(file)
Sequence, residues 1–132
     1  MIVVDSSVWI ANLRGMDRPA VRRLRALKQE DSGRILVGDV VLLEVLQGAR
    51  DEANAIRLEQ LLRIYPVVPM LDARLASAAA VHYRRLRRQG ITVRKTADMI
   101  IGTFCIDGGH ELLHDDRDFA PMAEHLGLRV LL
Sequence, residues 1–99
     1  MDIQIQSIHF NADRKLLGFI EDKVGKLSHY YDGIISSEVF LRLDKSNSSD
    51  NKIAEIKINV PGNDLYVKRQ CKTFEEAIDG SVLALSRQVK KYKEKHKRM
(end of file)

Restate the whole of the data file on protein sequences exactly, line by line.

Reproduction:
Sequence, residues 1–132
     1  MIVVDSSVWI ANLRGMDRPA VRRLRALKQE DSGRILVGDV VLLEVLQGAR
    51  DEANAIRLEQ LLRIYPVVPM LDARLASAAA VHYRRLRRQG ITVRKTADMI
   101  IGTFCIDGGH ELLHDDRDFA PMAEHLGLRV LL
Sequence, residues 1–99
     1  MDIQIQSIHF NADRKLLGFI EDKVGKLSHY YDGIISSEVF LRLDKSNSSD
    51  NKIAEIKINV PGNDLYVKRQ CKTFEEAIDG SVLALSRQVK KYKEKHKRM